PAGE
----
I enjoyed Polaris Rising so much more than I’d expected to, despite some debut-writer missteps: some early details are a little repetitive, character interactions are sometimes oblique when I would have liked more explanation, and the plot had a flew clichés here and there. But the level of sheer enjoyment outweighed all of that and made for a very enjoyable reading experience, even when taking into account the deadly seriousness of Ada’s life on the run. Ada is smart, resourceful, and more than capable of taking care of herself — Mihalik makes it obvious that this princess hasn’t survived solely thanks to the kindness of others — and it’s interesting to watch her struggle to balance her self-interest against her growing reliance on Loch and her slowly-growing number of friends.

In a word, Polaris Rising was fun. Mihalik’s story kept me on the edge of my seat, and I relished the ways in which she subverted my expectations for both the space opera and romance genres. The best news of all is that book two of THE CONSORTIUM REBELLION, Aurora Blazing, is currently scheduled for an October 2019 release, and I’m excited to find out what Mihalik has in store for readers.


Published in February 2019. A space princess on the run and a notorious outlaw soldier become unlikely allies in this imaginative, sexy space opera adventure—the first in an exciting science fiction trilogy. In the far distant future, the universe is officially ruled by the Royal Consortium, but the High Councillors, the heads of the three High Houses, wield the true power. As the fifth of six children, Ada von Hasenberg has no authority; her only value to her High House is as a pawn in a political marriage. When her father arranges for her to wed a noble from House Rockhurst, a man she neither wants nor loves, Ada seizes control of her own destiny. The spirited princess flees before the betrothal ceremony and disappears among the stars. Ada eluded her father’s forces for two years, but now her luck has run out. To ensure she cannot escape again, the fiery princess is thrown into a prison cell with Marcus Loch. Known as the Devil of Fornax Zero, Loch is rumored to have killed his entire chain of command during the Fornax Rebellion, and the Consortium wants his head. When the ship returning them to Earth is attacked by a battle cruiser from rival House Rockhurst, Ada realizes that if her jilted fiancé captures her, she’ll become a political prisoner and a liability to her House. Her only hope is to strike a deal with the dangerous fugitive: a fortune if he helps her escape. But when you make a deal with an irresistibly attractive Devil, you may lose more than you bargained for . . .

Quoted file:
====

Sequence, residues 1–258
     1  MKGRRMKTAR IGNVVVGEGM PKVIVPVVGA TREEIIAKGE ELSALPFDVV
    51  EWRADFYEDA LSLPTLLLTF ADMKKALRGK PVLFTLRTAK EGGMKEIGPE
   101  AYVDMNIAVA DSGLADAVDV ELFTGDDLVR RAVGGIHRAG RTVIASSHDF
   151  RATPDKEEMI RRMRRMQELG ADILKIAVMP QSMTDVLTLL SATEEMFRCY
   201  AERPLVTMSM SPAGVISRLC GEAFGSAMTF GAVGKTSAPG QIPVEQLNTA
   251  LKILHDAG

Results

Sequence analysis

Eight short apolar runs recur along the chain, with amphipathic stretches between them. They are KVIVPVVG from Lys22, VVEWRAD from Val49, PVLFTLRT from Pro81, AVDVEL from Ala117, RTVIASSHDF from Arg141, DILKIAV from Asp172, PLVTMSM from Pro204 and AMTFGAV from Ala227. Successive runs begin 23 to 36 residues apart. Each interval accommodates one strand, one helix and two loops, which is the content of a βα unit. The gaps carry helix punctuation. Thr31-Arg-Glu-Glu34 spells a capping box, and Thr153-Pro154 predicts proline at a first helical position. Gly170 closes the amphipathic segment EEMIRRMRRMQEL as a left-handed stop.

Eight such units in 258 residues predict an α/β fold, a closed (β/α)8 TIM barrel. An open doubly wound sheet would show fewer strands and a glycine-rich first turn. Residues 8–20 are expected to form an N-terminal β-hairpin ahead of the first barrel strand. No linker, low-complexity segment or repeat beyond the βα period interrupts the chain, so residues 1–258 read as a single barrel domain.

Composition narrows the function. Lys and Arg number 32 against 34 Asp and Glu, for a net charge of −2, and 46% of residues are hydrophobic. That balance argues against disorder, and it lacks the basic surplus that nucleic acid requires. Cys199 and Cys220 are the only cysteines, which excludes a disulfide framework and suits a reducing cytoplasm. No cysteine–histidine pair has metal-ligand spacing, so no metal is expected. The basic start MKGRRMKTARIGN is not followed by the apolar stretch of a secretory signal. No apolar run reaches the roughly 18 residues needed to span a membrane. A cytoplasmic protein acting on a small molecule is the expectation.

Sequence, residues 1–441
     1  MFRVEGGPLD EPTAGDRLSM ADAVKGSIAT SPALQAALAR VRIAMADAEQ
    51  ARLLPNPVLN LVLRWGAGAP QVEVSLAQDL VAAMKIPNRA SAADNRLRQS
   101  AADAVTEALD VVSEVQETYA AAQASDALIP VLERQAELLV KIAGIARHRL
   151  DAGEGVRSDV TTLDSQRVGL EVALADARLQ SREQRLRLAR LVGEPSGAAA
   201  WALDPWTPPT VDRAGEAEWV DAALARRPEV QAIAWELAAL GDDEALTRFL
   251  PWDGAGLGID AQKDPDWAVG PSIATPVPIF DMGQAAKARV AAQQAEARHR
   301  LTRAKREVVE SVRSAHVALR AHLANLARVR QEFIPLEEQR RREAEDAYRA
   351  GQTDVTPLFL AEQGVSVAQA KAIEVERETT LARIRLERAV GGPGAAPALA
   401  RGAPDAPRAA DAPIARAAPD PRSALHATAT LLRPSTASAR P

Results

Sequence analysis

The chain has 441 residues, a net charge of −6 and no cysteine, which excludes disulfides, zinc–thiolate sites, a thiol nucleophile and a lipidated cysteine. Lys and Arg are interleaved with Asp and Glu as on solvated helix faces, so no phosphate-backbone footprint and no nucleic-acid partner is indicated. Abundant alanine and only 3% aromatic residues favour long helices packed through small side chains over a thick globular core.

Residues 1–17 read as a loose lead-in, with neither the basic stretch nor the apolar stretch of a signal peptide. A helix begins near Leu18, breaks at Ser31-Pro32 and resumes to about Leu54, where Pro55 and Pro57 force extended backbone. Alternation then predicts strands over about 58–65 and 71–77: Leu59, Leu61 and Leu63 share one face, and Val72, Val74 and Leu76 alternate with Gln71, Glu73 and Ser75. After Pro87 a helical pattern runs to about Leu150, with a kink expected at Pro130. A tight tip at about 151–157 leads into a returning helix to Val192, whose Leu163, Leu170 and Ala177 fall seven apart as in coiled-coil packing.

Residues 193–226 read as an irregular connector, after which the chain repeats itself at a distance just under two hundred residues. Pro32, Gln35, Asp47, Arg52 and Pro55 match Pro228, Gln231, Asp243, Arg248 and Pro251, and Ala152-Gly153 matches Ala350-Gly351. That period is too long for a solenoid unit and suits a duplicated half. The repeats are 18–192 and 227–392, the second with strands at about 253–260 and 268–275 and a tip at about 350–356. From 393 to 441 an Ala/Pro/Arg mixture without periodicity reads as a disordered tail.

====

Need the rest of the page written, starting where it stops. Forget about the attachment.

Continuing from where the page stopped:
• Jana Nyman

    JANA NYMAN, with us since January 2015, is a freelance copy-editor who has lived all over the United States, but now makes her home in Colorado with her dog and a Wookiee. Jana was exposed to science fiction and fantasy at an early age, watching Star Wars and Star Trek movie marathons with her family and reading works by Robert Heinlein and Ray Bradbury WAY before she was old enough to understand them; thus began a lifelong fascination with what it means to be human. Jana enjoys reading all kinds of books, but her particular favorites are fairy- and folktales (old and new), fantasy involving dragons or other mythological beasties, contemporary science fiction, and superhero fiction. Some of her favorite authors are James Tiptree, Jr., Madeleine L'Engle, Ann Leckie, N.K. Jemisin, and Seanan McGuire.